>> I think I have found the issue here. * We obviously have a NOPASSWD entry in
>> our sudoers file so "sudo -l" does not require a password.
>>
>> So the bug is confirmed. *However the fix is not fully functional as if I
>> have sudo installed but can not use it for pacman, then I can no longer fall
>> back to using "su -c". *I'd choose excess password typing over functionality
>> loss.
>>
> Eureka! I was just about to mail the sudo maintainer.

I'm terribly confused still.

$ sudo cat /etc/sudoers
Password:

Defaults editor = /usr/bin/vim:/usr/bin/vi

root ALL=(ALL) ALL
%wheel ALL=(ALL) ALL
dmcgee ALL= NOPASSWD: /usr/sbin/vpnc, /usr/sbin/vpnc-disconnect
dmcgee ALL= NOPASSWD: /usr/bin/openconnect

I don't see any exemption for `sudo -l` in there, but it never prompts
me for a passwd (even if adding those timeout defaults). Or is it just
the presence of any NOPASSWD entry at all? If that is the case, that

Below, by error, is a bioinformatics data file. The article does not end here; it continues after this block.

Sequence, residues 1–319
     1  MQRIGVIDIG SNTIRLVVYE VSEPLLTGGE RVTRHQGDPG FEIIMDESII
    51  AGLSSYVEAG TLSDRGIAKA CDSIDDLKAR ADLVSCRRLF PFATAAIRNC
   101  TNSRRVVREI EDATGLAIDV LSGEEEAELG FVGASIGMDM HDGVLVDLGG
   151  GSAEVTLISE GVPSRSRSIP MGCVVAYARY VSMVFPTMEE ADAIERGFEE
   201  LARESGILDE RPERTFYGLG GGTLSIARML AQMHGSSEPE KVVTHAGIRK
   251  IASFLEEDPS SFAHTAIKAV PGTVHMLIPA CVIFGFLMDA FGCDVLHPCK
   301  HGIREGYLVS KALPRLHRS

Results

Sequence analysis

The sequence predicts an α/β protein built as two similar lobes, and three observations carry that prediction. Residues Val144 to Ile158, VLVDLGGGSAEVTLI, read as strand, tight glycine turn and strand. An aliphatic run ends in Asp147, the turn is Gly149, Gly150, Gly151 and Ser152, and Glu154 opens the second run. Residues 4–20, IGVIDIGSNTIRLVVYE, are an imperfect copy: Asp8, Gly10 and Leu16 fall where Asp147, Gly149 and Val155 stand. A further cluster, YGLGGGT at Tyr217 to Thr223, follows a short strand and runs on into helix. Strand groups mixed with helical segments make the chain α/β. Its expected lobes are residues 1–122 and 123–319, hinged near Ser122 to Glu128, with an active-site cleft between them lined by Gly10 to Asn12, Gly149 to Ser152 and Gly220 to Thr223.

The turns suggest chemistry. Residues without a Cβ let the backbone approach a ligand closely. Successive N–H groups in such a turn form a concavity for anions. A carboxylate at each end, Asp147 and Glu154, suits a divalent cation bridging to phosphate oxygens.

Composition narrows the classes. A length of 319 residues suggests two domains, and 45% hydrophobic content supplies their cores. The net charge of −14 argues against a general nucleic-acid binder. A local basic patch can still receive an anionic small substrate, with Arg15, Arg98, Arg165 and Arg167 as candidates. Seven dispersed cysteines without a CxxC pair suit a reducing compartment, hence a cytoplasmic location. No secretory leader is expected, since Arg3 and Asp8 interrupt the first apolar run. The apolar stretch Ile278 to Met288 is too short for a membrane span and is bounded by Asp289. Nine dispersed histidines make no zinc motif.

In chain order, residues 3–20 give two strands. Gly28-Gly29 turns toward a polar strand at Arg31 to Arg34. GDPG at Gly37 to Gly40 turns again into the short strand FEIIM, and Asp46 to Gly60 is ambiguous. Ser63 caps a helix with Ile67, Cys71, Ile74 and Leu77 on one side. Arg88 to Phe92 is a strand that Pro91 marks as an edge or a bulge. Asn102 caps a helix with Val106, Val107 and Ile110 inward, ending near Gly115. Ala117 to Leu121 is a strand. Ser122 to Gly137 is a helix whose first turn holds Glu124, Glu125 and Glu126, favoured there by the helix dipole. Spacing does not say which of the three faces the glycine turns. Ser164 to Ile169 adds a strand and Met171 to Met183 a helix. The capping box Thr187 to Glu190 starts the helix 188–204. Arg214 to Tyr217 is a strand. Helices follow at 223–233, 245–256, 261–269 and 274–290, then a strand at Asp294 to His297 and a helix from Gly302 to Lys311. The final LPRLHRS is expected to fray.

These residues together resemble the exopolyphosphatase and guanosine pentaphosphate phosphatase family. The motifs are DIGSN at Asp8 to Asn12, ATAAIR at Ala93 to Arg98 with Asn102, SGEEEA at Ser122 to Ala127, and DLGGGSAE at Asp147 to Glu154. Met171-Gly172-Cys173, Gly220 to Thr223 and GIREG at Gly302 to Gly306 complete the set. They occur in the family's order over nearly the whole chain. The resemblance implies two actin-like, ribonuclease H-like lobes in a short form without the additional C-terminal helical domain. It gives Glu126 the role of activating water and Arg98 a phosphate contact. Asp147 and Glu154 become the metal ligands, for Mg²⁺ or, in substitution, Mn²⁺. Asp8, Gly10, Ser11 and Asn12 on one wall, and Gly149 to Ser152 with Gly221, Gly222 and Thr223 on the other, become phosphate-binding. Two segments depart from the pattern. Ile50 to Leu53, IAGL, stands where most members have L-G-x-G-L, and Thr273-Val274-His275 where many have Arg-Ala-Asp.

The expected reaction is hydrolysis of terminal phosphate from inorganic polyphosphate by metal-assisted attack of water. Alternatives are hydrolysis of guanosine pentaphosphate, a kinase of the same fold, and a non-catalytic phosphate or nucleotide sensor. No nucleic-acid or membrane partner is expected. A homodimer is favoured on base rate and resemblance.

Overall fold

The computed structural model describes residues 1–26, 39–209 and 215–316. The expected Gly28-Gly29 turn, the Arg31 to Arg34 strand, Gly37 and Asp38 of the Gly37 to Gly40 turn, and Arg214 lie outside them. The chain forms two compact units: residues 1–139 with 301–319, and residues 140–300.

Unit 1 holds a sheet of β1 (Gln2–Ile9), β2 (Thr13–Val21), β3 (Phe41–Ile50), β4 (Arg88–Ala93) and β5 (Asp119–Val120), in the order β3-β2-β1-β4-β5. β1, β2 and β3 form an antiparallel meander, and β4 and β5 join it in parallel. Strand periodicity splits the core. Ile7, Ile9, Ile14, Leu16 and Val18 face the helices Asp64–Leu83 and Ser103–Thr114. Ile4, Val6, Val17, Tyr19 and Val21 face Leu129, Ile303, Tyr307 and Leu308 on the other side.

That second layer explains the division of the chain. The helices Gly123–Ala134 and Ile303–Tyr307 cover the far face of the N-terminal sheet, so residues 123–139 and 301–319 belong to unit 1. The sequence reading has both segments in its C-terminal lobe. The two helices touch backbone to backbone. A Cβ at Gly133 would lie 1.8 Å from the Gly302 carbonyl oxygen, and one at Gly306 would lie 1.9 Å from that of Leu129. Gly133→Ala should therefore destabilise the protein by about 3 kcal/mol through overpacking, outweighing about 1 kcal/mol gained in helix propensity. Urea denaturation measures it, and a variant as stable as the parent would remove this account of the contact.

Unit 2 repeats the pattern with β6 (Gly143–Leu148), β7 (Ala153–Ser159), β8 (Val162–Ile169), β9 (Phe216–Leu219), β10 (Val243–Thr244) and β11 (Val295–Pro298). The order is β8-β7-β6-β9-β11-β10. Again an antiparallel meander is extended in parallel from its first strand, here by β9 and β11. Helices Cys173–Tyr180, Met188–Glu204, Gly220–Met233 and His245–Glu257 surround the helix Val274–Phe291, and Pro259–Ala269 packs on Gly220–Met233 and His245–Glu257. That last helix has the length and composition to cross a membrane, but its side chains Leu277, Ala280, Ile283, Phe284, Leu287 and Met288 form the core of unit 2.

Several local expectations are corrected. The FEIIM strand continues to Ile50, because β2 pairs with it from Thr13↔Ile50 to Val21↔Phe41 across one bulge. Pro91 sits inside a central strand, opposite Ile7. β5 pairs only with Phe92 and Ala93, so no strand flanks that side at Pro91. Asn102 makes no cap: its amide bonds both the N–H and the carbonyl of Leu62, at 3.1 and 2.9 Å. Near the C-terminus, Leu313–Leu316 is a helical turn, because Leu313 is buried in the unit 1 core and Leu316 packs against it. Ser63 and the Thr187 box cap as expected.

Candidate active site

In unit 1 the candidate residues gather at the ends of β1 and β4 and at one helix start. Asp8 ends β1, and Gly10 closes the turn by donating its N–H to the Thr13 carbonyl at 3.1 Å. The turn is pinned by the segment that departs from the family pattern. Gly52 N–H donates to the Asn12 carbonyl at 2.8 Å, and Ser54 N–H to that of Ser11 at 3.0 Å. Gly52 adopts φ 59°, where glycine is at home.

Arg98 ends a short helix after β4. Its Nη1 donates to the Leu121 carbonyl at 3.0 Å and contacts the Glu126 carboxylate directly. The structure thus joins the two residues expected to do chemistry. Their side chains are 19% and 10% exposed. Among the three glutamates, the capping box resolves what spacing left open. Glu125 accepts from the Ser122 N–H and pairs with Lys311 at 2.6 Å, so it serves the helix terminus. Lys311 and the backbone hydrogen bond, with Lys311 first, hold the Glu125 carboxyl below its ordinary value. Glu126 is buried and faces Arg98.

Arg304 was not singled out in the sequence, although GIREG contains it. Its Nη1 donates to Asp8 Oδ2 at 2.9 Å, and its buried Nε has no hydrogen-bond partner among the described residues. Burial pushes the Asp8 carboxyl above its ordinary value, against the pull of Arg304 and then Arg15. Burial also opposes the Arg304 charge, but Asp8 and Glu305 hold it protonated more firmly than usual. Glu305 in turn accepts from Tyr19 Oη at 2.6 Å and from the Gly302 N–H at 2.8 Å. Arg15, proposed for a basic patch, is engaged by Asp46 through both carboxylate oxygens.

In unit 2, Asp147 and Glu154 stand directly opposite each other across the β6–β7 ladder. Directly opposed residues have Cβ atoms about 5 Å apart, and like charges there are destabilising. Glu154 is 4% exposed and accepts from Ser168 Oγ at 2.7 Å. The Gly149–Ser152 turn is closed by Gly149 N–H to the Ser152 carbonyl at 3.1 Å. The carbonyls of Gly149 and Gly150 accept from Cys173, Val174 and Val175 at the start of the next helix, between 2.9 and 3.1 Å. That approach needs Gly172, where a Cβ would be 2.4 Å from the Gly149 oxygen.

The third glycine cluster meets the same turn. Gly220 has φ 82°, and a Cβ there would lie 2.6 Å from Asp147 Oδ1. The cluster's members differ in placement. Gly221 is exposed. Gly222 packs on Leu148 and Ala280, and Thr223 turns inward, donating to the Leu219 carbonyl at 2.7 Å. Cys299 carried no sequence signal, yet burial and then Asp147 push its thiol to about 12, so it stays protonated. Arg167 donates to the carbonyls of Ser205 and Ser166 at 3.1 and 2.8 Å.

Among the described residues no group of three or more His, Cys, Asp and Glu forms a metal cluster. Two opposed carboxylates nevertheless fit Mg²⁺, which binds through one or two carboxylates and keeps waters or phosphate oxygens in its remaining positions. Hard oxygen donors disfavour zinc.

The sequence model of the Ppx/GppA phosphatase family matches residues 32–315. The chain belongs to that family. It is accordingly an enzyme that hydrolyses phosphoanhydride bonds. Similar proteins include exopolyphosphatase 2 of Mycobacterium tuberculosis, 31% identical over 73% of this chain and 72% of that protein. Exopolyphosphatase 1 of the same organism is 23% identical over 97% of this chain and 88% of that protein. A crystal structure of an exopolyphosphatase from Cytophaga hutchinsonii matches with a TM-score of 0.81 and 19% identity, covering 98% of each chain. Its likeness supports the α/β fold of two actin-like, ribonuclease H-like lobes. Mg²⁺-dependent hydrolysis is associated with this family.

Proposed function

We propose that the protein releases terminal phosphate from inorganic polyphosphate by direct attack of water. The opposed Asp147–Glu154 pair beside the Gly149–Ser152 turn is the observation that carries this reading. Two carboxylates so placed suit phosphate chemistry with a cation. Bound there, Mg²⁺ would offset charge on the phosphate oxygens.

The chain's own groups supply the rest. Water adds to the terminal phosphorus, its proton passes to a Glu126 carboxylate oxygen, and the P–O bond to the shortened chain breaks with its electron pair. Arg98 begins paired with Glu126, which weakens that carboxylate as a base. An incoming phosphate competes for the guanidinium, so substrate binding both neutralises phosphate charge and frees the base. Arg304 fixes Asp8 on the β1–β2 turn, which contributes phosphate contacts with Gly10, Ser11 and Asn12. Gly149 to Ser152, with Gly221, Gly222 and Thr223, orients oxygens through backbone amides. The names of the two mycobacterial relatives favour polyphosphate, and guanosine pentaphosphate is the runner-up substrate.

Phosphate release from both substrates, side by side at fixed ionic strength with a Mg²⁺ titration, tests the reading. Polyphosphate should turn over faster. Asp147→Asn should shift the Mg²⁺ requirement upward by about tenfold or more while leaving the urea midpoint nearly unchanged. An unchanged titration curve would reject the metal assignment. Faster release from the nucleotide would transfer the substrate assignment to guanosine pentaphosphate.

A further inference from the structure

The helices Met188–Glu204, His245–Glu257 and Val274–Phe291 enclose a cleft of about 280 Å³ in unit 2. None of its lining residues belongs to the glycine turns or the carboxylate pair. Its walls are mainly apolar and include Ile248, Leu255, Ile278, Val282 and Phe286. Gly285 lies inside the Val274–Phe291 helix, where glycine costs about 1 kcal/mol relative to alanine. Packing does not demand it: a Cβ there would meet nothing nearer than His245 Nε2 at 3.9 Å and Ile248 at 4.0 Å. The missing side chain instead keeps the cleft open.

seems downright silly...

>
> Anyhow,
>
> What if there's a check for sudo's retval like I posted in the comments?

There is no way to tell the difference between the retval of sudo and
the retval of the called program as far as I can tell, so this
wouldn't quite work.

-Dan
 
Old 06-17-2010, 03:01 PM
Andres P
 
Default makepkg: do not ask sudo password twice

On Thu, Jun 17, 2010 at 10:15 AM, Dan McGee <dpmcgee@gmail.com> wrote:
> I'm terribly confused still.
>
> $ sudo cat /etc/sudoers
> Password:
>
> Defaults editor = /usr/bin/vim:/usr/bin/vi
>
> root * *ALL=(ALL) ALL
> %wheel *ALL=(ALL) ALL
> dmcgee *ALL= NOPASSWD: /usr/sbin/vpnc, /usr/sbin/vpnc-disconnect
> dmcgee *ALL= NOPASSWD: /usr/bin/openconnect